I became active in politics in the late 1950s, got elected to Congress in 1964, and have remained engaged in one way or another every year since then. So I suppose I should not be surprised that I get asked a lot these days how American politics have changed over the last six decades.
A few things stand out. When I first arrived in Congress, Americans had faith in the institutions of government. President Lyndon Baines Johnson ran on a platform that we could successfully wage a war on poverty — and was elected. It seems inconceivable now that a politician would be so bold and so naïve as to propose such a thing. Americans today have little confidence in government’s ability to deliver.
The second big difference is the extreme political intensity we see all around us. Almost every facet of politics is more complicated and pursued more vigorously, with a harder edge to it, than when I began. Politics has shifted from low-intensity conflict to big business — and very serious business, at that.
Meanwhile, the sharp polarization that marks our politics today has flourished. We have always had partisanship, but today it penetrates everything — the electorate, political parties, legislatures, Congress, and the White House.
Finally, the audience for politics has changed. When you spoke to the Rotary Club in southern Indiana in the 1960s, you were speaking to Rotary members in southern Indiana. Today, you could very well be speaking to the world.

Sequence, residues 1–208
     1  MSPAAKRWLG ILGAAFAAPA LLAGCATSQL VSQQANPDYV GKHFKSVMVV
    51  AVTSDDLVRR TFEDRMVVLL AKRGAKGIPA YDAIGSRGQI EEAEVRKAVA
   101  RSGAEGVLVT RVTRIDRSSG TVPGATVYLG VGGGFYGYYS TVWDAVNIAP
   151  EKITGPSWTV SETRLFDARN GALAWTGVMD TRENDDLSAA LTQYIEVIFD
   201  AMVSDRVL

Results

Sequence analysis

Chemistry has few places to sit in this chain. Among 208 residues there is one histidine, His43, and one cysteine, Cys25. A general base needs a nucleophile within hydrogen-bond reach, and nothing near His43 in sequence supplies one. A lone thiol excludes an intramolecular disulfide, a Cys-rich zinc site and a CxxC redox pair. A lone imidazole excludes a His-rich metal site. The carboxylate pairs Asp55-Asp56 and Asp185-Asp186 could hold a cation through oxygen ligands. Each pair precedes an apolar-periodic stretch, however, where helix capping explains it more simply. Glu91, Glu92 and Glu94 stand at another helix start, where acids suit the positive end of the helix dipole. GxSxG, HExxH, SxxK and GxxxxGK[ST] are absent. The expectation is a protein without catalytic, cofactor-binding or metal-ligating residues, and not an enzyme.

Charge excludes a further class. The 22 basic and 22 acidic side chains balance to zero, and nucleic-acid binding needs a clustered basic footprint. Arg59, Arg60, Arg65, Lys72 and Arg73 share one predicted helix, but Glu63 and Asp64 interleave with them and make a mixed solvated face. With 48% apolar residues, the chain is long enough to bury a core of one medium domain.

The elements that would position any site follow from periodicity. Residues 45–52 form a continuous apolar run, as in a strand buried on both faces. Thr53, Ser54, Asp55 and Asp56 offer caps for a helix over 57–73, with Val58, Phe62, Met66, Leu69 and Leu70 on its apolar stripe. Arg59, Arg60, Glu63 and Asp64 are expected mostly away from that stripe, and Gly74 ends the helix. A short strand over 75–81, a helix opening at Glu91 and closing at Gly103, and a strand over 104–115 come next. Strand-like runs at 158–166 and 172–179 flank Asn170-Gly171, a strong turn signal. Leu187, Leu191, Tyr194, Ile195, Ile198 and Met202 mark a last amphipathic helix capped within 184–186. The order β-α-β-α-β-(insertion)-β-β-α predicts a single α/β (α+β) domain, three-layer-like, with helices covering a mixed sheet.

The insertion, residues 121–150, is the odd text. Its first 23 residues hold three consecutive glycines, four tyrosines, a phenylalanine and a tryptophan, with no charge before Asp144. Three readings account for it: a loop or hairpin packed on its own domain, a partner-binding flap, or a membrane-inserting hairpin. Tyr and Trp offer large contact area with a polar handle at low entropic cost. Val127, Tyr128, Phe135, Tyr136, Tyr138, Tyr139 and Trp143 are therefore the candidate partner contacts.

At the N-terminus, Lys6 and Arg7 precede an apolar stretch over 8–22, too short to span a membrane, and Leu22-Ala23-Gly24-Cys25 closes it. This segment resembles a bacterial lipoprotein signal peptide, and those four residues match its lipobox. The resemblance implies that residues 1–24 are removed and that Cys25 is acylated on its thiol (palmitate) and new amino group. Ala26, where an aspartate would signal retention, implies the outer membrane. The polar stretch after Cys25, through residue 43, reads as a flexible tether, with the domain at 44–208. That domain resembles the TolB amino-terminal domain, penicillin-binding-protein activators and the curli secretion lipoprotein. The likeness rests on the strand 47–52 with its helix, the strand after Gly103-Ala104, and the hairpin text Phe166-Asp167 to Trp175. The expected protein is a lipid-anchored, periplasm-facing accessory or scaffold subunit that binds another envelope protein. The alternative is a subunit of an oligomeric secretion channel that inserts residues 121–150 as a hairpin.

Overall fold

This has all made the work of politics and governing more difficult. The basic building blocks of politics — gathering facts, deliberating on next steps, finding common ground — are charged in their own right — subject to partisan attack. Plain and simple, it’s become harder to make the country work.
When I began in politics, elected officials felt a responsibility to find their way through difficult problems together. They believed that compromise and negotiation were core political values, intrinsic to our democracy and crucial to making it work for everyone.
Plenty of politicians still believe this — but also plenty who do not, who have shown they can thrive in a political environment that stacks the deck against the shared work of finding common ground.
We have come a long way as a country over the last six decades. But when it comes to politics as a democratic endeavor to address the nation’s challenges — we have lost ground.
Lee Hamilton is a senior advisor for the Indiana University (IU) Center on Representative Government, distinguished scholar at the IU School of Global and International Studies, and professor of practice at the IU School of Public and Environmental Affairs. Hamilton, a Democrat, was a member of the U.S. House of Representatives for 34 years, representing a district in south central Indiana.